This is what was done to a neighborhood street similar to Parker Avenue
in San Jose, California. Everyone liked the changes once it was done though all did not initially welcome the concept.
Russ Westbrook, president of Walk San Jose, responded to P.P.N.A past president, Ed Williams inquiry of how the general public
responded to their proposed changes.
Mr. Westbrook Wrote:
Converting Four-Lane "Collector" Streets to Three
Lane "Multi-modal" Streets:
This is really a great, inexpensive way to make a collector or arterial street calmer,
safer, and multi-modal. It can restore safety and dignity to residential streets that have evolved into four-lane horrors.
If done correctly, you won't lose any traffic volume at all.
Sure there are a lot of people who want to resist anything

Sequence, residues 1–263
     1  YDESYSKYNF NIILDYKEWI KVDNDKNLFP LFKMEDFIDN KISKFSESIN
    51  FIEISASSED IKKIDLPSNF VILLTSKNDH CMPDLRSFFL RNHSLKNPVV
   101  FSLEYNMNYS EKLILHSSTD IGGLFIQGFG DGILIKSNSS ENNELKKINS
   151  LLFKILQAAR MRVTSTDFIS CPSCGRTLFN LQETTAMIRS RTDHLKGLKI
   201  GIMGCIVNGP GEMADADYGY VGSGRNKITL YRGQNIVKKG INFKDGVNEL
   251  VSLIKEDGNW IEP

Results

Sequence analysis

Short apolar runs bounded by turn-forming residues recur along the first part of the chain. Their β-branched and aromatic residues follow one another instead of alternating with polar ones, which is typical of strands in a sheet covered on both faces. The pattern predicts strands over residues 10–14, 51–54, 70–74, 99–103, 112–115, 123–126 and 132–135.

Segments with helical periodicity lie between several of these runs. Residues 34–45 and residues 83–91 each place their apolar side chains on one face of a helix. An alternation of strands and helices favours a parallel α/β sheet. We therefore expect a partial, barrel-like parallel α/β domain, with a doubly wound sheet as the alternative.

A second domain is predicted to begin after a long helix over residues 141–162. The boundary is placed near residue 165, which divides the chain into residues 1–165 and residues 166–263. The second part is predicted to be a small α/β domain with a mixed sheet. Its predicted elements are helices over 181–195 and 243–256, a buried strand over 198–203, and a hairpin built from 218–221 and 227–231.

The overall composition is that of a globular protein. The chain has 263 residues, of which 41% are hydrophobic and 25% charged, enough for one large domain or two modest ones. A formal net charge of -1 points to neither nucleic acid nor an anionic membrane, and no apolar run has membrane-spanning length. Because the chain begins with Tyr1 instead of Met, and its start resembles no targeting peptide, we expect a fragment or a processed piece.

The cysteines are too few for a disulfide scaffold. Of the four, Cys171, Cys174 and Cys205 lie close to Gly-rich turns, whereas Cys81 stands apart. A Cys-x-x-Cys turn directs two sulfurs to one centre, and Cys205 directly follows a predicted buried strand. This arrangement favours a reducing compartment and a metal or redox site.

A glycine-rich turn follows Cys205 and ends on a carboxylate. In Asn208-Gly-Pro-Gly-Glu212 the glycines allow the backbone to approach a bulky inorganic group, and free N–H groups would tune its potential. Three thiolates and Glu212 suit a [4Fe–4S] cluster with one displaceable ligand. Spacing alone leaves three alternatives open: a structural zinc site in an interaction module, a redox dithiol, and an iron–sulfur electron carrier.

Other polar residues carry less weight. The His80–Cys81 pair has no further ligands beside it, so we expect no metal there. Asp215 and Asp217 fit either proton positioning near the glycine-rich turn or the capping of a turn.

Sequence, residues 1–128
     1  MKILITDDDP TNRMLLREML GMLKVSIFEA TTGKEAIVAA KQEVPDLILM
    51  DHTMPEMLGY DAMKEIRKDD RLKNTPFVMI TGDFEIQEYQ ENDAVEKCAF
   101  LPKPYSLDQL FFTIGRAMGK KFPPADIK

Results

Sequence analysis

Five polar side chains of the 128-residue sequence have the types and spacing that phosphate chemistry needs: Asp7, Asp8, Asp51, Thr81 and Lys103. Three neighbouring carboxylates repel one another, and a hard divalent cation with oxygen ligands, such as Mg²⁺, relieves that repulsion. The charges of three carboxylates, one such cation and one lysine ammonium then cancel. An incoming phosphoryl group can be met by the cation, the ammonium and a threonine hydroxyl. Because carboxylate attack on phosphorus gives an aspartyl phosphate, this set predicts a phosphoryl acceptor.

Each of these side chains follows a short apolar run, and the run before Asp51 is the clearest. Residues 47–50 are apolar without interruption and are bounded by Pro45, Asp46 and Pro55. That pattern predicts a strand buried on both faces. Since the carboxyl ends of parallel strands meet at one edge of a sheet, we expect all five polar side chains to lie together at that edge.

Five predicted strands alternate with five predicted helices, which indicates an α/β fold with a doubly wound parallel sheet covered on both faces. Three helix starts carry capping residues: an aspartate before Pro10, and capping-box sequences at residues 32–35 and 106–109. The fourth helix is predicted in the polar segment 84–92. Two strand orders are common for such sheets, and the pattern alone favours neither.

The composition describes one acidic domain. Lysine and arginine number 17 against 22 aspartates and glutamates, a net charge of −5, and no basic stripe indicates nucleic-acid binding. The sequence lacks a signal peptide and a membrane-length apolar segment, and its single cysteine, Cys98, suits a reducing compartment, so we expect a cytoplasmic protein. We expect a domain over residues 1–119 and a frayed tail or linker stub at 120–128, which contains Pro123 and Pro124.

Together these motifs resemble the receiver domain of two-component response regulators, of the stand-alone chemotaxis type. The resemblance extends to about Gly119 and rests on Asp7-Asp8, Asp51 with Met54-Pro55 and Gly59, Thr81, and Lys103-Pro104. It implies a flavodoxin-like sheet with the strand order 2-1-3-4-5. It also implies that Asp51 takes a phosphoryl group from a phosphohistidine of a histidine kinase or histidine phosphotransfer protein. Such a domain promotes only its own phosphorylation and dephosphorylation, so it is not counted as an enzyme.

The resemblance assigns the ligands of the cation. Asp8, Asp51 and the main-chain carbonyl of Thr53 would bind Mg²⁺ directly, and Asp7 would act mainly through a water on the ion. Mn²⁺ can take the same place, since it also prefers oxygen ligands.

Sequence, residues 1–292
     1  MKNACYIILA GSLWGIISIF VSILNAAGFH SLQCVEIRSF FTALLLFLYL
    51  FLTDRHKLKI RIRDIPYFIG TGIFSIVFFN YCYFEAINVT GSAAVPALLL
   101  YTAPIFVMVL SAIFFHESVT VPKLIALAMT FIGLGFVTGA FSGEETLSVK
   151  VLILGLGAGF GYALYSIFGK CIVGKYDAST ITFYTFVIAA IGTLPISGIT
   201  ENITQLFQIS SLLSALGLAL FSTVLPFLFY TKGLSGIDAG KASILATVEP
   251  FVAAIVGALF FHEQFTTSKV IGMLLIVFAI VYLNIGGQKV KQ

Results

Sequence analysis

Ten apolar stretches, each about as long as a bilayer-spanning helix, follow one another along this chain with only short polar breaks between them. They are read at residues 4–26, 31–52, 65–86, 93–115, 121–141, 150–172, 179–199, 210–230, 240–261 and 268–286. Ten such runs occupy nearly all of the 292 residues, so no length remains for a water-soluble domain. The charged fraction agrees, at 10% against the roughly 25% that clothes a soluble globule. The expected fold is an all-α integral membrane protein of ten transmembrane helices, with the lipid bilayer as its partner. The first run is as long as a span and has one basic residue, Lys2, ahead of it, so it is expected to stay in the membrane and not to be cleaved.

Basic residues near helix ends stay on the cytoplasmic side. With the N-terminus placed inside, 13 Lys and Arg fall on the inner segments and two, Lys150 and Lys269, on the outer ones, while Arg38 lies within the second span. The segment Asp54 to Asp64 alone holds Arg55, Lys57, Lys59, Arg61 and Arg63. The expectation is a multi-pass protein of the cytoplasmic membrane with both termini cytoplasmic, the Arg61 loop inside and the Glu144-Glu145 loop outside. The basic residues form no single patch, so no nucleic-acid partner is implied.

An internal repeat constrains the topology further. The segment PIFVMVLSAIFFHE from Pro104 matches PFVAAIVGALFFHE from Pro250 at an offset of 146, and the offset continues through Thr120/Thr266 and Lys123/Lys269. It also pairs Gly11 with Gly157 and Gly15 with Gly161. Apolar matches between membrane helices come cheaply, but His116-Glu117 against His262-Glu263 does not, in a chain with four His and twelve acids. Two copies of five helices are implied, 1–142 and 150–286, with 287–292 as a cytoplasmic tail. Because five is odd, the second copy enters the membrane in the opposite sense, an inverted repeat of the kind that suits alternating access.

that they perceive to be a hindrance to a "frictionless commute" by automobile, but there is plenty of pent up demand for
these kind of changes nationwide and hardly anyone complains once they are done.
* These "three-laners," which feature
ample turning lanes, can handle as much, if not more, vehicle capacity as four-laners, if intersections are treated correctly.
Remember, on most streets, intersections determine road capacity, not the number of traveling lanes.
* This is ideal
in residential collectors, because it does not cause any traffic to be diverted to local streets, but it slows the traffic
down to speed-limit levels.
* It is much, much safer to cross this type of street than a standard four-lane street
with no median.
* This treatment creates the opportunity to add bicycle lanes, parking and sidewalks.
you add a landscaped median between the turn areas, it can dramatically beautify the street and keep traffic out of the center
lane except when turning.
* With this design, it is easy to add pedestrian islands and bulb-outs to protect walkers
Russ Westbrook, president
Walk San Jose